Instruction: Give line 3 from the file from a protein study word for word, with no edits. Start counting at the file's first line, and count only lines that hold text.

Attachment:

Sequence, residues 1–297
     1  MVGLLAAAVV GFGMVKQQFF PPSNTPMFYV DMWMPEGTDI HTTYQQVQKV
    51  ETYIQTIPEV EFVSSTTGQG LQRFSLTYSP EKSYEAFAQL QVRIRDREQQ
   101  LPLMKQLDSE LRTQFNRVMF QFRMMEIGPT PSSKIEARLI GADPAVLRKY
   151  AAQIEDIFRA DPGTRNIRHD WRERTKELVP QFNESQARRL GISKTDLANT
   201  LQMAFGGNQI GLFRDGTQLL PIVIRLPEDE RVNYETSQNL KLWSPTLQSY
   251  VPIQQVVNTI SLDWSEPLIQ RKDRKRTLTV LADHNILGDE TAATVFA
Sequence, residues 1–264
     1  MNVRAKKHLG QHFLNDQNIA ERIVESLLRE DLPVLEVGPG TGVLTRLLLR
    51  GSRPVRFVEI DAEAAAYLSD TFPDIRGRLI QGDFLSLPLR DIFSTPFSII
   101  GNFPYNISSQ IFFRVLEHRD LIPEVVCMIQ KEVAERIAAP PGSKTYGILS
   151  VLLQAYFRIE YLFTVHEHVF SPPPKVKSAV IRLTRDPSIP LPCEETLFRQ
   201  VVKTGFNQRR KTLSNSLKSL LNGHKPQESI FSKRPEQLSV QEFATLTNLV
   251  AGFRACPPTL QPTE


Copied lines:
    51  ETYIQTIPEV EFVSSTTGQG LQRFSLTYSP EKSYEAFAQL QVRIRDREQQ